GSA Annual Meeting in Denver, Colorado, USA - 2016

Paper No. 195-3
Presentation Time: 8:30 AM


DANISE, Silvia, Department of Geology, University of Georgia, 210 Field Street, Athens, GA 30602-2501; School of Geography, Earth and Environmental Sciences, Plymouth University, Drake Circus, Plymouth, PL4 8AA, United Kingdom, KUSNERIK, Kristopher M., Florida Museum of Natural History, University of Florida, Gainesville, FL 32611 and HOLLAND, Steven M., Department of Geology, University of Georgia, Athens, GA 30602-2501,

Understanding how regional ecosystems respond to sea level and environmental perturbations is a main challenge in paleoecology. Even if environments may change over time, not all changes cause turnover, raising the question of which environmental conditions promote relative ecologic stability versus turnover. Here we present a study on marine benthic communities from the Middle–Upper Jurassic (Bajocian–Oxfordian) of the Western Interior Seaway (U.S.A.), a long and shallow sea that cyclically expanded and contracted for about 13 m.y. We collected quantitative faunal abundance estimates in Wyoming, South Dakota and Montana, and placed them in a sequence stratigraphic framework that includes eight third-order depositional sequences.

Three patterns in the faunal data are noteworthy. (1) The strongest differences in faunal composition are among sequences characterized by carbonate deposition versus those dominated by siliciclastic deposition, which generally parallels the history of the basin. Relative few eurytopic species are shared among these two systems. (2) Faunal turnover is low among carbonate sequences, where communities vary along a water depth gradient from deep subtidal through restricted shallow subtidal facies. Turnover is greater among siliciclastic sequences, which are dominated by offshore facies. (3) Atypical from other Jurassic settings, most communities present low richness (S: 2–6) and evenness (1–2 dominant species).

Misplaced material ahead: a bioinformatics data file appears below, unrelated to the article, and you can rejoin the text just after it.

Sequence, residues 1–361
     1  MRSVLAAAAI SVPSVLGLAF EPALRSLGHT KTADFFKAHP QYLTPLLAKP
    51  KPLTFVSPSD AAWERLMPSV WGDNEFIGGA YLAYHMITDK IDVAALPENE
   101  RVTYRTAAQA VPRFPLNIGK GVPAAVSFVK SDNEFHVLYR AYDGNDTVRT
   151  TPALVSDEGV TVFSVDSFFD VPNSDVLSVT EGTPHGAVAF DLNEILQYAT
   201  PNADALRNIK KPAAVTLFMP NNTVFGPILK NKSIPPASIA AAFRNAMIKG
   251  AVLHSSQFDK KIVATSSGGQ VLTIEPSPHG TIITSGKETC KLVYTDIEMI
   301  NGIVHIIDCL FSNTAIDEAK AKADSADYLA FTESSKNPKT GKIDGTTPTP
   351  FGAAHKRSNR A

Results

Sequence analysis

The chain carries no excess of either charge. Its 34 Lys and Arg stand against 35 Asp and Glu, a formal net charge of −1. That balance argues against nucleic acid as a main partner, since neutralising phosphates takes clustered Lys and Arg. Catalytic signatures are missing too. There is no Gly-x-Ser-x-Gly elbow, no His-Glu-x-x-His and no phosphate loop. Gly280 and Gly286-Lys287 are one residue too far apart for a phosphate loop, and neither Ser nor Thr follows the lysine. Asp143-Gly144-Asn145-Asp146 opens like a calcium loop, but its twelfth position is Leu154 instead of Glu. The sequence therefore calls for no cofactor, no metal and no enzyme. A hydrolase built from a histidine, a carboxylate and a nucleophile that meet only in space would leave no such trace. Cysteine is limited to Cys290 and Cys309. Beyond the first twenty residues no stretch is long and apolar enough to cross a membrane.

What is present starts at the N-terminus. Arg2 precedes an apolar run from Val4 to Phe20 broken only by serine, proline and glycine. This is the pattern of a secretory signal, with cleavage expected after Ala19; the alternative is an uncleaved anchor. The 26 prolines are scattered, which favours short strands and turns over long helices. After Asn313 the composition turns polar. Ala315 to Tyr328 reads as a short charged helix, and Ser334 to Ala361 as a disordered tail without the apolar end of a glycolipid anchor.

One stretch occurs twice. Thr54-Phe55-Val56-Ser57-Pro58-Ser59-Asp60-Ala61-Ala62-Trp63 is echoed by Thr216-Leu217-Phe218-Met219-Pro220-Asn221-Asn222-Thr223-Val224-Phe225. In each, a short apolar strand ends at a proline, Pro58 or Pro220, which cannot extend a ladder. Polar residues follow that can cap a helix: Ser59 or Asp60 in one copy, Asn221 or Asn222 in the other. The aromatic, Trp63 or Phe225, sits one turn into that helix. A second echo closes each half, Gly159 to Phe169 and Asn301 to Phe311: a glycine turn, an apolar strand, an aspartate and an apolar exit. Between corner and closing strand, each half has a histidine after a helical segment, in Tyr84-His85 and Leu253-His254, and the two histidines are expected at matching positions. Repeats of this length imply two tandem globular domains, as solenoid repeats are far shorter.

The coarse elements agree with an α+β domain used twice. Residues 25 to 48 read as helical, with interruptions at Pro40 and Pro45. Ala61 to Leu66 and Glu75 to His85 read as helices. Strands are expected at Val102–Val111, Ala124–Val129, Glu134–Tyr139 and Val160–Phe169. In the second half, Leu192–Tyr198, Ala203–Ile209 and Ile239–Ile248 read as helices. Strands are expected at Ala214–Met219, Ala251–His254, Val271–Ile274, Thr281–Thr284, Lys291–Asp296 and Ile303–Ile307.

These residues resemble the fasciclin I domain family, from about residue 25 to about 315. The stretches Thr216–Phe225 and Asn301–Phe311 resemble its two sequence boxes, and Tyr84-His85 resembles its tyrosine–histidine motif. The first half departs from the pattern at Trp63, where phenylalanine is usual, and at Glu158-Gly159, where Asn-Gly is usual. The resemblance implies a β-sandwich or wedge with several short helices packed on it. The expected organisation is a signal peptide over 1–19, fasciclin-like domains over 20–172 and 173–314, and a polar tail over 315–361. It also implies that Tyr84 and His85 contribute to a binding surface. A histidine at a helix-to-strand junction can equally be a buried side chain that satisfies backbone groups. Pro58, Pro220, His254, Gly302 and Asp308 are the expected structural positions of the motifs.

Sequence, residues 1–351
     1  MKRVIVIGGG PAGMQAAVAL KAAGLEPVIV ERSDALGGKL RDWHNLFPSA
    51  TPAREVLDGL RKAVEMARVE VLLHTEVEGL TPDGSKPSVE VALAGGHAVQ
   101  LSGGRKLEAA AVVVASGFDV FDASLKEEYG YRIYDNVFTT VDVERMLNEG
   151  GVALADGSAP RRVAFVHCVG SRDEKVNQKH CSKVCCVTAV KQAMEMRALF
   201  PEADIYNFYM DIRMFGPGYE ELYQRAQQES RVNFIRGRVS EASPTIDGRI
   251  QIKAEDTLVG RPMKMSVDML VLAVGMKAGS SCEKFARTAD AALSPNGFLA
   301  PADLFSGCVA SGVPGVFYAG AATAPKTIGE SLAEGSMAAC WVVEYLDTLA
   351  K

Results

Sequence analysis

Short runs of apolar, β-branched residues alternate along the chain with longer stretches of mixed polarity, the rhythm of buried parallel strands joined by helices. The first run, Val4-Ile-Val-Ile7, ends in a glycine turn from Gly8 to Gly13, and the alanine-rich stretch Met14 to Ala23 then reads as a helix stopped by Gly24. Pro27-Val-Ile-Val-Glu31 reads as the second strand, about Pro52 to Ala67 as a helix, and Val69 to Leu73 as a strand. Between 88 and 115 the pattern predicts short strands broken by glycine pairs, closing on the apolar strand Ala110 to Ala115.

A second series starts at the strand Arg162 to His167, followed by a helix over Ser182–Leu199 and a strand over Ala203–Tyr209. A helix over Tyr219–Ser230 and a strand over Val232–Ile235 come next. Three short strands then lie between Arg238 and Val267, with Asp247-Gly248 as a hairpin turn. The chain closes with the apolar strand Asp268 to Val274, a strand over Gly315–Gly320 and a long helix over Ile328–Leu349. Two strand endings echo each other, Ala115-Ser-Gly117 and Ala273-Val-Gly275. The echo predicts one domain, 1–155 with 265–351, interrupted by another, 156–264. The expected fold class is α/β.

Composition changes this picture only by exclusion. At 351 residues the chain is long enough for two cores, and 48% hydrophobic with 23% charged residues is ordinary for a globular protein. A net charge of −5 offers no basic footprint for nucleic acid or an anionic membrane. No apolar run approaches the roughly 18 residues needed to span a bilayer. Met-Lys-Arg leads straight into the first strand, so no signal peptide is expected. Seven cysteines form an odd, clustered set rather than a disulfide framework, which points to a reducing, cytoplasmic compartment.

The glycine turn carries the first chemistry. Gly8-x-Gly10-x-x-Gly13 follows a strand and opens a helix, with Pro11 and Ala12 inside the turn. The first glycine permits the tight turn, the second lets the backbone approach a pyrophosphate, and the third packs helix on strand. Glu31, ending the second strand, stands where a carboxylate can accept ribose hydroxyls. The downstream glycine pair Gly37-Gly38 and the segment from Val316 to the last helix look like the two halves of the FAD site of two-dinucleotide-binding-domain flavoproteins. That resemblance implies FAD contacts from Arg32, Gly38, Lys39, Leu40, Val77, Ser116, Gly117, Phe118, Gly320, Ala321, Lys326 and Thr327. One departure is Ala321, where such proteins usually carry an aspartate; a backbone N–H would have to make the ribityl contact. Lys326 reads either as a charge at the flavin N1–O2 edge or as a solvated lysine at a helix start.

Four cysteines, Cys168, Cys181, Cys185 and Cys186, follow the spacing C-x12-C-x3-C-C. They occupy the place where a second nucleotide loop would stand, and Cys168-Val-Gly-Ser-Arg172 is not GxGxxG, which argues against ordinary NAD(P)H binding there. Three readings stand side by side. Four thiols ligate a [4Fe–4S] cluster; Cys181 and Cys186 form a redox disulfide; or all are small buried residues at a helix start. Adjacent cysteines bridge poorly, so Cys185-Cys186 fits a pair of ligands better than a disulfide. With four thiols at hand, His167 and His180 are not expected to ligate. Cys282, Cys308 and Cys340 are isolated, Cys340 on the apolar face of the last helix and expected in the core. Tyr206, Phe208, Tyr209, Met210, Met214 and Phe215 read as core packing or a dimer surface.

The shift from a warm-arid climate to humid-temperate conditions in the Seaway at the Middle–Upper Jurassic transition caused the main change in the depositional regime, which most likely caused the main faunal turnover. This climate shift, superimposed on third-order sea level cycles, was also the cause of turnover in faunas from siliciclastic settings, whereas climate stability during carbonate deposition promoted the recurrence of biofacies through third-order cycles. The unique physiography of the Seaway, with a sole connection to the proto-Pacific Ocean about 2000 km north of its southern end, most likely promoted strong gradients in salinity and temperature, so that only a few species were able to successfully colonize it.